Will there be a Miracle March?

Posted on Thursday, March 3rd, 2022

By Jessica Law

California has just concluded the driest January-February period in recorded history. The March 1 survey of the Sierra Nevada snowpack, key to water supplies across much of the state, reflects the trend as well, showing the snow water content at 62 percent of average for the date.

We at the Water Forum are hoping for a “Miracle March” that brings in above-average precipitation to reverse this trend. But we are also prepared for the reality that missing out on all that moisture in January and February—normally the wettest months of the year—likely means we will face a third consecutive drought year ahead.

As we discussed in our last blog about “weather whiplash,” early storms in October and December delivered

PHOTO CREDIT: Andrew Innerarity/California Department of Water Resources (October 28, 2021)

lots of rain and snow to the central part of the state. That means the American River watershed and Folsom Reservoir, which serve the Sacramento region, are in slightly better shape than the rest of the state. The Central Sierra snowpack stands at 65 percent of average—whereas the Northern Sierra is currently at 57 percent.

Folsom Reservoir is currently about as full as it’s allowed to be at this time of year, given flood-storage requirements present during winter. As of March 2, it stood at 106 percent of historical average capacity for this time of year—a much better position than the significantly larger Shasta and Oroville Reservoirs, which are near historic low storage levels.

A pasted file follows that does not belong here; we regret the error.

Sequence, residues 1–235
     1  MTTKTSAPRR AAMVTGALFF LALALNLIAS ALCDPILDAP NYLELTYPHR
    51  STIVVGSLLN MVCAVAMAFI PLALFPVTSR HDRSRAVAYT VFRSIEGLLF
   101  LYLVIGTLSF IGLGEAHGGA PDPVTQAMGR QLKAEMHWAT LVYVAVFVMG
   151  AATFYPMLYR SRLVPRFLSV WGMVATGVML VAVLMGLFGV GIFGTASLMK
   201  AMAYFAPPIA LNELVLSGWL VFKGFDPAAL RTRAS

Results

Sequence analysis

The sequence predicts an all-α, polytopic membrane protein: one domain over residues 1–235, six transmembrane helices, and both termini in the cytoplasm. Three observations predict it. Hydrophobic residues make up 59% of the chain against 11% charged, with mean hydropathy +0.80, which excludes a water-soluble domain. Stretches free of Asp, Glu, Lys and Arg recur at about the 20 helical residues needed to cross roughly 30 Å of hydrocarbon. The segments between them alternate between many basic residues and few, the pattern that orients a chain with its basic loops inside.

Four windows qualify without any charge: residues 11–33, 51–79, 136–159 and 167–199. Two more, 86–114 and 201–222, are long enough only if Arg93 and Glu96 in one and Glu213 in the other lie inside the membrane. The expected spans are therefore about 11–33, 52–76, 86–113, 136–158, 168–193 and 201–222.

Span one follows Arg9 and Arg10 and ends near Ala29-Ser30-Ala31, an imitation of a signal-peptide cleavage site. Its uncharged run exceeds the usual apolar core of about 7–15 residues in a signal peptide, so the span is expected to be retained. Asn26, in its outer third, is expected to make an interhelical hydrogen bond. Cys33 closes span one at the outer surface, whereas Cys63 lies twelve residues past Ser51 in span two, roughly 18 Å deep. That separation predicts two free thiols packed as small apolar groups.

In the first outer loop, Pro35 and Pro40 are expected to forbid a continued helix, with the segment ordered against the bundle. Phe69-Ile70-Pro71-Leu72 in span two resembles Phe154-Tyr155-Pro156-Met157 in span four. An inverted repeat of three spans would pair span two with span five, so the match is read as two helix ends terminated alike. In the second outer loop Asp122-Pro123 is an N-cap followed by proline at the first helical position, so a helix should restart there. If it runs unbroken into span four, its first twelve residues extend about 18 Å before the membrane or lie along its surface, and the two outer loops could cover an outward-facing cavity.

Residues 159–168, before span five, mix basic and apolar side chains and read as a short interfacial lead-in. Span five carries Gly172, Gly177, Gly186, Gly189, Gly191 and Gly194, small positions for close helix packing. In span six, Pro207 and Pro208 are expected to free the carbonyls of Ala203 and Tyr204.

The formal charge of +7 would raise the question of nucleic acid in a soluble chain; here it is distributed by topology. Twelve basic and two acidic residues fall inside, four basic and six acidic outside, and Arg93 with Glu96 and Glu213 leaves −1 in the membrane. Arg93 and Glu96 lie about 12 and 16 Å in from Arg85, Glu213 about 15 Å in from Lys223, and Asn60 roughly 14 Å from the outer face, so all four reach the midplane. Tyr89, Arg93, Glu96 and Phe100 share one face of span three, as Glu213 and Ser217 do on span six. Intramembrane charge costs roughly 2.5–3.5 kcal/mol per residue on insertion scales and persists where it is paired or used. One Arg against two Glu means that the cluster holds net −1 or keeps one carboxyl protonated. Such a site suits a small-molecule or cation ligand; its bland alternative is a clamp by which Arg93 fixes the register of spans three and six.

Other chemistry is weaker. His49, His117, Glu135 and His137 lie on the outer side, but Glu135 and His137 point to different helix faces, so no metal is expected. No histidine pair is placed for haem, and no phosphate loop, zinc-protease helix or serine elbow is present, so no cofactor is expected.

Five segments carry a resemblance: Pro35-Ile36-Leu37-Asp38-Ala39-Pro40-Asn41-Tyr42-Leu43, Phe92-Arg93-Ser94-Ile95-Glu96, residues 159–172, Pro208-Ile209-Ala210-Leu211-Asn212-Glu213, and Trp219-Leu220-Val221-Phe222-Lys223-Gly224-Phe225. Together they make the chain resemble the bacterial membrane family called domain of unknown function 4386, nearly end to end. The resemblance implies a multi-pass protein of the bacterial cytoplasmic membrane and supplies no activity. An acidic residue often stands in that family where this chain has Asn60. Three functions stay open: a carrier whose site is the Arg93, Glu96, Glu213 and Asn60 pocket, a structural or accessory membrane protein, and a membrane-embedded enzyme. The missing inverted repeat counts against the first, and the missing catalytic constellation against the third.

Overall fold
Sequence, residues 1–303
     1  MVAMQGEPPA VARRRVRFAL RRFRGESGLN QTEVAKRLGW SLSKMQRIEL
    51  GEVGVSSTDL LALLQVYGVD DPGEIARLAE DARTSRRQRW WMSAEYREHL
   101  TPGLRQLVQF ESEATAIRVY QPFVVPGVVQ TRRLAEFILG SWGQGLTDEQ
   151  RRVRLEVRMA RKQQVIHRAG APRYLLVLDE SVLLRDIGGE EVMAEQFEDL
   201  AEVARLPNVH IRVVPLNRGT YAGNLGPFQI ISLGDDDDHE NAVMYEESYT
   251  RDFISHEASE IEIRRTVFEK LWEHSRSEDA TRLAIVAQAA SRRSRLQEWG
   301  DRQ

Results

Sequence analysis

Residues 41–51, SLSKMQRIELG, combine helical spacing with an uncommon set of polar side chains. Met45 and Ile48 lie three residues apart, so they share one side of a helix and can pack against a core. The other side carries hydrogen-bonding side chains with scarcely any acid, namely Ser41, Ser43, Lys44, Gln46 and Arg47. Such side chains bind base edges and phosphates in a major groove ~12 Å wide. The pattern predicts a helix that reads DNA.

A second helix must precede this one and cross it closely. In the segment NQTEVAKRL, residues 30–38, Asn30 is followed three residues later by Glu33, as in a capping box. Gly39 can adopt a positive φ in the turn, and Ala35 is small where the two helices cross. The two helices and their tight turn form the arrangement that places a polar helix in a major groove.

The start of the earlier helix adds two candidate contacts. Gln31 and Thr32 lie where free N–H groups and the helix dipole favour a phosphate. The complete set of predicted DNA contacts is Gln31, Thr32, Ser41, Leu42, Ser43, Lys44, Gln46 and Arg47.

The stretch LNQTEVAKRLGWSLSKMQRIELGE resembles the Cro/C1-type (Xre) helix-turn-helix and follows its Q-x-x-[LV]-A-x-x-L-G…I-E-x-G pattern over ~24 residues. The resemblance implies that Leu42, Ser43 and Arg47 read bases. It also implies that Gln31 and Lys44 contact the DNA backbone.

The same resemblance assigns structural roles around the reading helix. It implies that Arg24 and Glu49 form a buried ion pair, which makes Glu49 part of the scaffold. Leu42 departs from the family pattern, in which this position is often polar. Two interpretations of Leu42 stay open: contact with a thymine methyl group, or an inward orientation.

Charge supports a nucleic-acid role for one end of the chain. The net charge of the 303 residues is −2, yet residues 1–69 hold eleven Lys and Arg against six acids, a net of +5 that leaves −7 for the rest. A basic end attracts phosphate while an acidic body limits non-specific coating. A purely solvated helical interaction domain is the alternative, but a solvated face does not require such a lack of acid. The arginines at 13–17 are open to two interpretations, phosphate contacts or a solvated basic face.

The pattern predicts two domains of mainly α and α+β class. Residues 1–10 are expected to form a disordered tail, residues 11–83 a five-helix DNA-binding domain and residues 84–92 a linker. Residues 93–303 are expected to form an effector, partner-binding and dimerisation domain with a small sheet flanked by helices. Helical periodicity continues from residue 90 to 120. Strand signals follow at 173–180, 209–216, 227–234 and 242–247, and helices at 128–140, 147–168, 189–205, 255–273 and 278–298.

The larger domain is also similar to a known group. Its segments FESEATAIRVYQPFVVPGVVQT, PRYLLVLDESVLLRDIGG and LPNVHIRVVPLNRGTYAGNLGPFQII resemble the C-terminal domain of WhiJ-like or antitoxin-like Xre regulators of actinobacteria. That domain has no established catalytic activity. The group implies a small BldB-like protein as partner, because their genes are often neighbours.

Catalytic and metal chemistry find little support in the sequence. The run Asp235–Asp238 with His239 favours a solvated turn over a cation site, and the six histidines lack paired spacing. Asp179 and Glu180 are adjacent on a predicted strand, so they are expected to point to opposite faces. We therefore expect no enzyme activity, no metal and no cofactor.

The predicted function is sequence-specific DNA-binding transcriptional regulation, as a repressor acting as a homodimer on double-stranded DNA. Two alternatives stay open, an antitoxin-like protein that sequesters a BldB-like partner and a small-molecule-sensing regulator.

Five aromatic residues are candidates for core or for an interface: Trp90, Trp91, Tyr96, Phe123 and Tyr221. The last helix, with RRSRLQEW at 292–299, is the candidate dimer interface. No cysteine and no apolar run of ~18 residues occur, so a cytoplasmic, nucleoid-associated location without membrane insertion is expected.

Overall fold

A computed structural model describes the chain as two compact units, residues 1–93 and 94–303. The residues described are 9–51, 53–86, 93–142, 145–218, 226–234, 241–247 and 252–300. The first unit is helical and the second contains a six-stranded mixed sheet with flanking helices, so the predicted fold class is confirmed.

Looking ahead, it currently seems likely that Folsom Reservoir—operated by the U.S. Bureau of Reclamation—will be able to end the calendar year with about 300,000 acre-feet of stored water. That’s a better outlook than last year at this time.

However, because of low storage elsewhere in the state, Reclamation may need to more heavily rely on Folsom Reservoir to serve other areas of the state that normally rely on Shasta and Oroville, and to satisfy water quality requirements in the Sacramento-San Joaquin Delta.

The Water Forum is already watching this unfolding picture very carefully. We look forward to continuing our partnership with Reclamation as they manage Folsom to support our local water quality needs in the American River and ensure wildlife, like our fall-run Chinook salmon, remain in good shape all year long.

Could we get a Miracle March? A long-range forecast by the Climate Prediction Center at the National Weather Service indicates an increased likelihood for wet conditions across the northern quarter of the state during March. If that benefits Shasta Reservoir, it could significantly relieve pressure on Folsom Reservoir and the American River.

Also, a storm moving our way this week brings a bit of hope. Through Friday, the Sacramento region could see a half-inch of rain, while the Sierra Nevada could see as much as a foot of snow above 4,000 feet.

So, while we remain hopeful, Water Forum members are also staying focused on addressing climate change and severe conditions projected over the long term. Dry periods like this one are expected to become more frequent and to last longer in our region as climate change worsens. Rain or no rain, we must also prepare for another drought year and continue doing our part to conserve water.

PostedThursday, March 3rd, 2022